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Moreover, even if we can be confident that our universe has unchanging physical laws — which many of the new speculative cosmologies call into question — how is it that we “mere collections of particles” are able to discern those laws? How can we be confident that we will continue to discern them better, until we understand them fully? A common response to these questions invokes what has become the catch-all explanatory tool of advocates of scientism: evolution. W. V. O. Quine was one of the first modern philosophers to apply evolutionary concepts to epistemology, when he argued in (1969) that natural selection should have favored the development of traits in human beings that lead us to distinguish truth from falsehood, on the grounds that believing false things is detrimental to fitness. More recently, scientific theories themselves have come to be considered the objects of natural selection. For example, philosopher Bastiaan C. van Fraassen argued in his 1980 book :
Scientists never claim that a hypothesis is "proved" in a strict sense (but sometimes this is quite legitimately claimed when using popular language), because proof is something found only in mathematics and logic, disciplines in which all logical parameters or constraints can be defined, and something that is not true in the natural world. Scientists prefer to use the word "corroborated" rather than "proved," but the meaning is essentially the same. A highly corroborated hypothesis becomes something else in addition to reliable knowledge--it becomes a scientific fact. This type of reliable knowledge is the closest that humans can come to the "truth" about the universe (I put the word "truth" in quotation marks because there are many different kinds of truth, such as logical truth, emotional truth, religious truth, legal truth, philosophical truth, etc.; it should be clear that this essay deals with scientific truth, which, while certainly not the sole truth, is nevertheless the best truth humans can possess about the natural world).
Essay developing scientific attitude
f philosophy is regarded as a legitimate and necessary discipline, then one might think that a certain degree of philosophical training would be very useful to a scientist. Scientists ought to be able to recognize how often philosophical issues arise in their work — that is, issues that cannot be resolved by arguments that make recourse solely to inference and empirical observation. In most cases, these issues arise because practicing scientists, like all people, are prone to philosophical errors. To take an obvious example, scientists can be prone to errors of elementary logic, and these can often go undetected by the peer review process and have a major impact on the literature — for instance, confusing correlation and causation, or confusing implication with a biconditional. Philosophy can provide a way of understanding and correcting such errors. It addresses a largely distinct set of questions that natural science alone cannot answer, but that must be answered for natural science to be properly conducted.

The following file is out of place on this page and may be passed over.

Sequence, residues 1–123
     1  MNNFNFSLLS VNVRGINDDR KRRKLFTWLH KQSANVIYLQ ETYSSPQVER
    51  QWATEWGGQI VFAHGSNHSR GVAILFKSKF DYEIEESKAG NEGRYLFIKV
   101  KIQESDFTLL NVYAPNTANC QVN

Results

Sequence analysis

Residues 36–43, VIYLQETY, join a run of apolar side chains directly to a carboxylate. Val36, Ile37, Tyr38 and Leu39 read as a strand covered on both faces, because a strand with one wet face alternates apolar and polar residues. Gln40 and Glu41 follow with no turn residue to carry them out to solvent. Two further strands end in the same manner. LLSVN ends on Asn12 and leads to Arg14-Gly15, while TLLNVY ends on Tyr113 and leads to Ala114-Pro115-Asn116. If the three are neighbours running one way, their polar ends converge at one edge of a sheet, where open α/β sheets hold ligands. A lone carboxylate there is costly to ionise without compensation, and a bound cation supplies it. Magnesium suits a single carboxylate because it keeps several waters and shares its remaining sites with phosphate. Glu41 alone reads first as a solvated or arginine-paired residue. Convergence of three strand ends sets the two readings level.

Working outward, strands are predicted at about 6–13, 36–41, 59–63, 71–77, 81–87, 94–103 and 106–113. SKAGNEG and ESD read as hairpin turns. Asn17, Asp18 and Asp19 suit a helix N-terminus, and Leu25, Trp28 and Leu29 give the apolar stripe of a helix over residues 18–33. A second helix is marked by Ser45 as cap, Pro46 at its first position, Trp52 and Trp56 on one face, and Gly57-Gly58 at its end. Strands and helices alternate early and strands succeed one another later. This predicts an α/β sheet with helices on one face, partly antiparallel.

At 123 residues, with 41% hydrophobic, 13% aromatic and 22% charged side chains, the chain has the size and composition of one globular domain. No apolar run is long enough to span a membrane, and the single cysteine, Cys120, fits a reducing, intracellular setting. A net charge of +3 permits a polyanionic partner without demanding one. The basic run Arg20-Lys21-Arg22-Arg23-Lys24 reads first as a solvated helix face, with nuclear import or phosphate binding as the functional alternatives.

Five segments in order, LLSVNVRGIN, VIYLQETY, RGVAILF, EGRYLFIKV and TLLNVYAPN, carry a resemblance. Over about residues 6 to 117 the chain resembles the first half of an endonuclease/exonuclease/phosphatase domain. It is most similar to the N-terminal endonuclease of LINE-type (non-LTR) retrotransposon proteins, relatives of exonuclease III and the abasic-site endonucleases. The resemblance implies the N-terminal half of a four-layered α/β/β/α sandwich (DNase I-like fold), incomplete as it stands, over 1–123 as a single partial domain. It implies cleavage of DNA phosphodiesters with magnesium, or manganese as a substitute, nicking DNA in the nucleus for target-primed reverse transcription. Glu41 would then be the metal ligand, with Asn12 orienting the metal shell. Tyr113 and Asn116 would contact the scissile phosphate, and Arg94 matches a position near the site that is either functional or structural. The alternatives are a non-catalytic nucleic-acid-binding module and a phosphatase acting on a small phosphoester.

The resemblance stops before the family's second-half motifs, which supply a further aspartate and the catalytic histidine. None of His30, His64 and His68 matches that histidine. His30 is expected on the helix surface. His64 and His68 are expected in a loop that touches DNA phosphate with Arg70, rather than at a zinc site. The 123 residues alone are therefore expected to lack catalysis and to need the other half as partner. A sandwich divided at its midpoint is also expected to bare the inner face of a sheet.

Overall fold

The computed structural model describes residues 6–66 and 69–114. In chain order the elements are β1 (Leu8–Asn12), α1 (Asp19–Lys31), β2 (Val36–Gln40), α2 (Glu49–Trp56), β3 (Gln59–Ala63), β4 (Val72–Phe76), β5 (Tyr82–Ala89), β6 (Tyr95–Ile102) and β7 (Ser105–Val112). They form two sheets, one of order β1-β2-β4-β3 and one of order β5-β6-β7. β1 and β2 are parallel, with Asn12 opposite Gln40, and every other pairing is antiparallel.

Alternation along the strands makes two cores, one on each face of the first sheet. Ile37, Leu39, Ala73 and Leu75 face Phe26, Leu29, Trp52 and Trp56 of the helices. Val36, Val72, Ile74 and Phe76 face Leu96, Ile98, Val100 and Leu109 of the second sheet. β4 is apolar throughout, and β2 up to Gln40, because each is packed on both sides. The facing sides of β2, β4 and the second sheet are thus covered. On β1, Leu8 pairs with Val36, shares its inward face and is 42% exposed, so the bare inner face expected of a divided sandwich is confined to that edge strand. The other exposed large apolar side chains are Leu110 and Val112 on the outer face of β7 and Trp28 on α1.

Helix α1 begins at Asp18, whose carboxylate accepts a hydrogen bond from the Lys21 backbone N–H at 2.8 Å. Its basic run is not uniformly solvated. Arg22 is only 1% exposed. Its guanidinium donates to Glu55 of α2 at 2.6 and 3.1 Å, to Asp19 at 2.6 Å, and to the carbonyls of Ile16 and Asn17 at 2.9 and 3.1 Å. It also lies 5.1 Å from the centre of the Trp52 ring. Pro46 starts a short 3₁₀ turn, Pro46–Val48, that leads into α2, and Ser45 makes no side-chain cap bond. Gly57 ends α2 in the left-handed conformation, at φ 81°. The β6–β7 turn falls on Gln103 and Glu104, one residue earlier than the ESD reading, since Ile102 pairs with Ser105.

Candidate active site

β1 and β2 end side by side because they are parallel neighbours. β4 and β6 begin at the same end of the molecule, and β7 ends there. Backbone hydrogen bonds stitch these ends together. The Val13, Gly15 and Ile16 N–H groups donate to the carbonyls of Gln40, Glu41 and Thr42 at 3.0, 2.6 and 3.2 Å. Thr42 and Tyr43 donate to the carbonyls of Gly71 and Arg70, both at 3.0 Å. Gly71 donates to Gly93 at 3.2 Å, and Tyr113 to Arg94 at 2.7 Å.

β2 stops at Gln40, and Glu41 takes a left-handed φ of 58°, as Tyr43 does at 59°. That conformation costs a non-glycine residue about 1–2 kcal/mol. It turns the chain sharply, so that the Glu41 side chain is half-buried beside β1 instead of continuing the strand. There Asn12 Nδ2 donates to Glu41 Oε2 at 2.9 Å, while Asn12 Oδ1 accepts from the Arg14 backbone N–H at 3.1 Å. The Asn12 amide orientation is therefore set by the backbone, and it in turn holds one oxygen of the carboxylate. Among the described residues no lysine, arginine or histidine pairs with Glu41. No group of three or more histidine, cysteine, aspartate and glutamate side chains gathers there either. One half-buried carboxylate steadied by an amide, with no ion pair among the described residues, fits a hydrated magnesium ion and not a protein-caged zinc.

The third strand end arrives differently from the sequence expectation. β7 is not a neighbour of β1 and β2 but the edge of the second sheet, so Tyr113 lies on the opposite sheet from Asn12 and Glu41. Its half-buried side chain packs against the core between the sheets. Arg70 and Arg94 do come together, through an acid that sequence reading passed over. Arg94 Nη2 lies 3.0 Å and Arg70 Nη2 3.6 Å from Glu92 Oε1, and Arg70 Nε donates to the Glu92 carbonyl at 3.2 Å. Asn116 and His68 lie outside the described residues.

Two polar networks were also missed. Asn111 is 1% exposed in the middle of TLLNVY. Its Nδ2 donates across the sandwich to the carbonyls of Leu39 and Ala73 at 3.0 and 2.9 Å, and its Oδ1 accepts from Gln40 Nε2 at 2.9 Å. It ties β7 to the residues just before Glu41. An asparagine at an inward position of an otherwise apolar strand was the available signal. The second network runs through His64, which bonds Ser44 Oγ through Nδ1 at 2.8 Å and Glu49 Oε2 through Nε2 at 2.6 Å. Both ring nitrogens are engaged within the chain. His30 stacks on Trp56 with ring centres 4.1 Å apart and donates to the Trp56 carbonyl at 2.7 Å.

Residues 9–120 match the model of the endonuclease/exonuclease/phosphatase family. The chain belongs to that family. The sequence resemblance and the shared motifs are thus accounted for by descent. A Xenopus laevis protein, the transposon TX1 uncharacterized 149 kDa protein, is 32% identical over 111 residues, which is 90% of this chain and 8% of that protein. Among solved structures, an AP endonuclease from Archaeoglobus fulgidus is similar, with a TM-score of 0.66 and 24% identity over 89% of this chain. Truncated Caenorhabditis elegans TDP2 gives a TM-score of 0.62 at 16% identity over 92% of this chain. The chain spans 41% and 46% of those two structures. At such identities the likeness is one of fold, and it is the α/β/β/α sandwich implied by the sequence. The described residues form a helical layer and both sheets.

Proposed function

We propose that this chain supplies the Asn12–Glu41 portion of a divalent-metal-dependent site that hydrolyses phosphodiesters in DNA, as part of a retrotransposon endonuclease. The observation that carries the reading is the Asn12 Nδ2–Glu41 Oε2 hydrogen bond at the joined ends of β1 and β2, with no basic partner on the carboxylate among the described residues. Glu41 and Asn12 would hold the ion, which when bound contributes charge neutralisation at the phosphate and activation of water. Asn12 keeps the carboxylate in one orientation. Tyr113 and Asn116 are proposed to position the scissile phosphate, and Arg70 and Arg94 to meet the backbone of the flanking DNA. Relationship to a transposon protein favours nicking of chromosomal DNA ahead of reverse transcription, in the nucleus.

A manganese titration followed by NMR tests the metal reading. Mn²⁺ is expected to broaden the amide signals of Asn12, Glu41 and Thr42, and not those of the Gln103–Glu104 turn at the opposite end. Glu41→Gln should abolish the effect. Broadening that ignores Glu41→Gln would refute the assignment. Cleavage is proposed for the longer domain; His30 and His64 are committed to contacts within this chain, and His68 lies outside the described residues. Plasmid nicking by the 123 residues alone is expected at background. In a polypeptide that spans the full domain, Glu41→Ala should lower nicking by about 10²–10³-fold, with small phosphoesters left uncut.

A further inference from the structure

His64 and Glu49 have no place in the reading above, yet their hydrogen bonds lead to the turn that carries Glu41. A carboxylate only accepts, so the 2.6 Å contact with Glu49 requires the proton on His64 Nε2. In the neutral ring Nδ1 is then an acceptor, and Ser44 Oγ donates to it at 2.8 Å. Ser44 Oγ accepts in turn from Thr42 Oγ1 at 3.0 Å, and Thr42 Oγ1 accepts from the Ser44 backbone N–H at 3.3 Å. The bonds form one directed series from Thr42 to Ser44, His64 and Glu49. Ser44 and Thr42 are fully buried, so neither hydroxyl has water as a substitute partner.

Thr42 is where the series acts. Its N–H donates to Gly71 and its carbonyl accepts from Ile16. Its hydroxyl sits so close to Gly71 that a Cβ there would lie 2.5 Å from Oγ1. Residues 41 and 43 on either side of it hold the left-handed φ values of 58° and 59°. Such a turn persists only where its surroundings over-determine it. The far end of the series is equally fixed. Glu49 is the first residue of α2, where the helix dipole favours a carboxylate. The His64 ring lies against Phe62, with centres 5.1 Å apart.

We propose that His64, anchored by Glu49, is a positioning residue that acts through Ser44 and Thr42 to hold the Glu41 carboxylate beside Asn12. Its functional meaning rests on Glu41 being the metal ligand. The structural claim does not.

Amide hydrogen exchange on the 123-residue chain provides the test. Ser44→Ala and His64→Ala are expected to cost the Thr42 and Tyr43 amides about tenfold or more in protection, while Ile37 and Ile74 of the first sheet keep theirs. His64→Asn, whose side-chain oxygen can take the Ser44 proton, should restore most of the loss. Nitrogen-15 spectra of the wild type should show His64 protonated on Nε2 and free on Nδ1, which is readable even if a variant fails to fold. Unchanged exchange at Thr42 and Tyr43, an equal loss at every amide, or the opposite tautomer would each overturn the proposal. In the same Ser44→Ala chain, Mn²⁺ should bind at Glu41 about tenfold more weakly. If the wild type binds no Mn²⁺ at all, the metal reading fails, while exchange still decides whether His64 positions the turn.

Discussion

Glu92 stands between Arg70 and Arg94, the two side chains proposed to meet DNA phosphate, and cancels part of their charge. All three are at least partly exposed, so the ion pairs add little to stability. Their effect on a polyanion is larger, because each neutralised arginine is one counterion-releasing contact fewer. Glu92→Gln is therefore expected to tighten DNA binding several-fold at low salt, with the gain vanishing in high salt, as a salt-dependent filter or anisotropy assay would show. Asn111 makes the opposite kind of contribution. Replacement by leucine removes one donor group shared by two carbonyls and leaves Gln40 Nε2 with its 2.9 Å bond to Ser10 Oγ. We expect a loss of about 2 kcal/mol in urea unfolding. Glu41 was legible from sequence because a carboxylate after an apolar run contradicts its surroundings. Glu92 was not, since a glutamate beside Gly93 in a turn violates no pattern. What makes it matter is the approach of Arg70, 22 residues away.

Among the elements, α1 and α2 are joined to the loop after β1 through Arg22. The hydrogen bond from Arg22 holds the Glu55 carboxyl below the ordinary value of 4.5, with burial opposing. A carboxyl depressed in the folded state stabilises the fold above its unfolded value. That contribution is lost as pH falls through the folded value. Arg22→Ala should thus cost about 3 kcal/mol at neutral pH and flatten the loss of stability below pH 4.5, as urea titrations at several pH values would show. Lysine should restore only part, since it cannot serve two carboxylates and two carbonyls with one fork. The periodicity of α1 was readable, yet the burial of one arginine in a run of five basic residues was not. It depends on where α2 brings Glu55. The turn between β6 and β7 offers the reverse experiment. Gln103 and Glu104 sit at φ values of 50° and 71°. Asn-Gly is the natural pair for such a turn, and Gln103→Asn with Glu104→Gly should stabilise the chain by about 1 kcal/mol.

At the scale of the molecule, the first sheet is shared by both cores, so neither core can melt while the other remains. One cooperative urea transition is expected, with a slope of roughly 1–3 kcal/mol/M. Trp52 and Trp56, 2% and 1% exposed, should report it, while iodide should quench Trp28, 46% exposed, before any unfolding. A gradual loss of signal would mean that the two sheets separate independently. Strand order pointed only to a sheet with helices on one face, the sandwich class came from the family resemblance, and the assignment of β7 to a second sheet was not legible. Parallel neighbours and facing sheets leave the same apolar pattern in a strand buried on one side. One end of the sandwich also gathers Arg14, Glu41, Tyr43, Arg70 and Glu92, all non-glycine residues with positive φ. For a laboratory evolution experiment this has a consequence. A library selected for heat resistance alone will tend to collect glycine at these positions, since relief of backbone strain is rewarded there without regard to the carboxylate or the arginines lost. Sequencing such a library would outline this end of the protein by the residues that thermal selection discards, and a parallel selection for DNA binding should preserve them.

Modern science is often described as having emerged from philosophy; many of the early modern scientists were engaged in what they called “natural philosophy.” Later, philosophy came to be seen as an activity distinct from but integral to natural science, with each addressing separate but complementary questions — supporting, correcting, and supplying knowledge to one another. But the status of philosophy has fallen quite a bit in recent times. Central to scientism is the grabbing of nearly the entire territory of what were once considered questions that properly belong to philosophy. Scientism takes science to be not only better than philosophy at answering such questions, but the means of answering them. For most of those who dabble in scientism, this shift is unacknowledged, and may not even be recognized. But for others, it is explicit. Atkins, for example, is scathing in his dismissal of the entire field: “I consider it to be a defensible proposition that no philosopher has helped to elucidate nature; philosophy is but the refinement of hindrance.”
essay need developing scientific attitude